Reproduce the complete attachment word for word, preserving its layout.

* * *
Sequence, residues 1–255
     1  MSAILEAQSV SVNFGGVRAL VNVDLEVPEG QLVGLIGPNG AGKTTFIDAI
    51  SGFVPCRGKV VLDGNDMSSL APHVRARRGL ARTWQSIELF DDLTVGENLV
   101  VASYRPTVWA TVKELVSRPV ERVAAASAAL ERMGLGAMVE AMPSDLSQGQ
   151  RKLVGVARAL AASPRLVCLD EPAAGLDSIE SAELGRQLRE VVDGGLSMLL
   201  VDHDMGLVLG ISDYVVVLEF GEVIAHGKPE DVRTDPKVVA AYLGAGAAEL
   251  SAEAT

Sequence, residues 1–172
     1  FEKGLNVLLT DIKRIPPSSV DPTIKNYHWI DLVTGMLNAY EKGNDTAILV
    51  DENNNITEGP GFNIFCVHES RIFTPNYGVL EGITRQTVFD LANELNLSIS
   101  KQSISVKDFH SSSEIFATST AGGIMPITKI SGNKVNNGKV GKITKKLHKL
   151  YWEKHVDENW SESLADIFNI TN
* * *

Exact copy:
Sequence, residues 1–255
     1  MSAILEAQSV SVNFGGVRAL VNVDLEVPEG QLVGLIGPNG AGKTTFIDAI
    51  SGFVPCRGKV VLDGNDMSSL APHVRARRGL ARTWQSIELF DDLTVGENLV
   101  VASYRPTVWA TVKELVSRPV ERVAAASAAL ERMGLGAMVE AMPSDLSQGQ
   151  RKLVGVARAL AASPRLVCLD EPAAGLDSIE SAELGRQLRE VVDGGLSMLL
   201  VDHDMGLVLG ISDYVVVLEF GEVIAHGKPE DVRTDPKVVA AYLGAGAAEL
   251  SAEAT

Sequence, residues 1–172
     1  FEKGLNVLLT DIKRIPPSSV DPTIKNYHWI DLVTGMLNAY EKGNDTAILV
    51  DENNNITEGP GFNIFCVHES RIFTPNYGVL EGITRQTVFD LANELNLSIS
   101  KQSISVKDFH SSSEIFATST AGGIMPITKI SGNKVNNGKV GKITKKLHKL
   151  YWEKHVDENW SESLADIFNI TN